‘It’s 11pm on a Thursday in October and we are on our way to Clackett Lane services wondering what the hell we have got ourselves into. Having followed WAHF on instagram for almost a year, and played with renaming the dogs that needed adoption, at the beginning of September a scruffy little fluff bag called Finch had come up on the feed. I immediately sent her to my boyfriend who replied with the words, ‘That’s our dog’.
In a flurry of excitement I sent the adoption forms back and emailed the team, who confirmed within an hour that Finch was on hold for us. I asked to have until the next day so we could discuss it properly but seeing the title on her photo change to ‘RESERVED FOR ADOPTION’ and knowing it was for us gave me an instant attachment to her.
I had huge reservations about getting a puppy, the biggest being that we wouldn’t get to meet her before she arrived in the UK, and so we talked seriously about whether this was the right decision for us. Eventually we agreed that we had the time, energy and commitment to give it a go.
After that, things happened incredibly quickly. We sent over our deposit, had our home check over Skype, and not long after received the confirmation of the date and time of Finch’s arrival. She would be arriving in the UK in less than two weeks.
And so here we were on our way to pick up a puppy we had never met. WAHF had been brilliant; texting us throughout the evening to confirm pick-up times and let us know exactly where the van would be but still my anxiety and excitement levels were through the roof. What would her journey have been like? Would she be nervous or aggressive with us? Had this all been an elaborate scam? We pulled into the carpark and saw another couple receiving a dog from two men with a professional looking dog van. We gave them our names and the slip lead we had brought with us and the man disappeared into the van to collect Finch. We could hear yelps and barks from different dogs inside the van and we waited anxiously to see what he would bring out. Eventually, he stepped out of the van with the dog behind him. I craned to see the dog standing in the shadows. Then this ball of white fluff bounded over to us, licking our faces and rolling on her back for a tummy rub and just like that, we were in love.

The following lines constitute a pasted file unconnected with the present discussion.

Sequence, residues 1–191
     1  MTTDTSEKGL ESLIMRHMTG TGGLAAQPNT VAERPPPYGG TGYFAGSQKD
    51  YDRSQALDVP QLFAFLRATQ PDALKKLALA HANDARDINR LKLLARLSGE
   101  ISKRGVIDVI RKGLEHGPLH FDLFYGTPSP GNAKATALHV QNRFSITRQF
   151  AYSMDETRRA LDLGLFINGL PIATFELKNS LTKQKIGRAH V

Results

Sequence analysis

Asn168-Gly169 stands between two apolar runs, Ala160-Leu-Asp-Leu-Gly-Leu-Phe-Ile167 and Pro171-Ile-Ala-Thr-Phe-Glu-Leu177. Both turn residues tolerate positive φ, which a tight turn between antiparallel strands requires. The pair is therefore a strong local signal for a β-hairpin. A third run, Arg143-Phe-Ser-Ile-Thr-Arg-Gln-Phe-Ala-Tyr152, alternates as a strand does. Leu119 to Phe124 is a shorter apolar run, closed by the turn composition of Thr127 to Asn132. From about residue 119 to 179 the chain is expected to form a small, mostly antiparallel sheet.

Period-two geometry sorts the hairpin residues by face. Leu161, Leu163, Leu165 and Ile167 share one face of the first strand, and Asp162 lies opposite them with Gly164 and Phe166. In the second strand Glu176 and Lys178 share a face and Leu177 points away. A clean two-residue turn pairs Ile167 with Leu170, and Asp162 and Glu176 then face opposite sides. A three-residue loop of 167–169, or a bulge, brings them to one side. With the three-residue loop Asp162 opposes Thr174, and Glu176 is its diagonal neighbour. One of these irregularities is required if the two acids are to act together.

It was an eventful first night. Finch immediately bounced right over all of the puppy gates we had put in place and so she received a new name, ‘Bunny’.
The first few months were a huge learning curve for all of us. Neither of us had had a dog before, and although Bunny was still a puppy, she had missed out on the training and socialisation younger puppies would have had if they were born in a home with humans. She was house trained quickly, apart from a few accidents on carpets and beds which were just too exciting for her! She went to puppy classes and came into work with me and was excited to meet every person who came her way, offering her signature belly rub pose until she had received enough attention. She loved other dogs and would chase round and round with a huge doggy smile on her face. She looks the most beautiful when she runs. We worked on her recall (terrible) and her hysterical reaction to squirrels and she slowly learned not to chew everything in sight.
We seemed to be on the right track. Then New Year came and Bunny entered her second fear period. This is a common period in puppies, which coincides with the time in the wild when they would be becoming more independent and more aware of potential threats. They can become hypersensitive to noise and display aggression or anxiety as they work out how to behave in this new adult world. Like teenagers they also challenge the boundaries you have placed on them to see how much they can get away with! Suddenly our sweet and happy dog was barking at everything, scared of new people coming to the house and even worse off the lead. This was entirely unexpected for us as we had no idea what was going on, and eventually sought help from our dog trainer. She told us this period can be even more pronounced in rescue dogs as they may have missed vital socialisation stages or have had unpleasant experiences as puppies, and for the first time we really thought about what Bunny’s life might have been like if she hadn’t been rescued. We were given exercises to help Bunny readjust and we are slowly working through her anxiety.
Bunny has now been with us for nine months and has changed our lives completely. Re-socialising an anxious dog is a slow process and has been frustrating, upsetting and embarrassing at times but we wouldn’t wish for another dog. We understand that Bunny has certain limitations at the moment, and have learnt how to keep her feeling safe by building her trust in us. The bond that has grown between us as a result is incredibly gratifying. To see her choose to lie with her head on your foot while watching TV, or to dash up to you in the morning to say hello makes all the hard work worth it. She is an incredibly sweet natured, happy girl most of the time and we hope that as she matures some of her anxious behaviours will slowly slip away.
We cannot thank WAHF enough for bringing her into our lives and cannot imagine what life would be like without her.’